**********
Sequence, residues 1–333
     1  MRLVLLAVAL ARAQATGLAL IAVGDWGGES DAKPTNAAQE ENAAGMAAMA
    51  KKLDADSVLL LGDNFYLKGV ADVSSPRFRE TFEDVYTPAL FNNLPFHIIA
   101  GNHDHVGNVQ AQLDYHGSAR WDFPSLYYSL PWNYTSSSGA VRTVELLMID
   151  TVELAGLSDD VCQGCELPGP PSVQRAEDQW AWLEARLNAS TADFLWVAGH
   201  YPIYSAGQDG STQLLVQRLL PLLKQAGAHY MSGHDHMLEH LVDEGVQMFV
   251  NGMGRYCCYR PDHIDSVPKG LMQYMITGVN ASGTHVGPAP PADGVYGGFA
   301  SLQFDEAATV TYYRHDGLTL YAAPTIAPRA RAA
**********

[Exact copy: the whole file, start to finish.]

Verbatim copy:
Sequence, residues 1–333
     1  MRLVLLAVAL ARAQATGLAL IAVGDWGGES DAKPTNAAQE ENAAGMAAMA
    51  KKLDADSVLL LGDNFYLKGV ADVSSPRFRE TFEDVYTPAL FNNLPFHIIA
   101  GNHDHVGNVQ AQLDYHGSAR WDFPSLYYSL PWNYTSSSGA VRTVELLMID
   151  TVELAGLSDD VCQGCELPGP PSVQRAEDQW AWLEARLNAS TADFLWVAGH
   201  YPIYSAGQDG STQLLVQRLL PLLKQAGAHY MSGHDHMLEH LVDEGVQMFV
   251  NGMGRYCCYR PDHIDSVPKG LMQYMITGVN ASGTHVGPAP PADGVYGGFA
   301  SLQFDEAATV TYYRHDGLTL YAAPTIAPRA RAA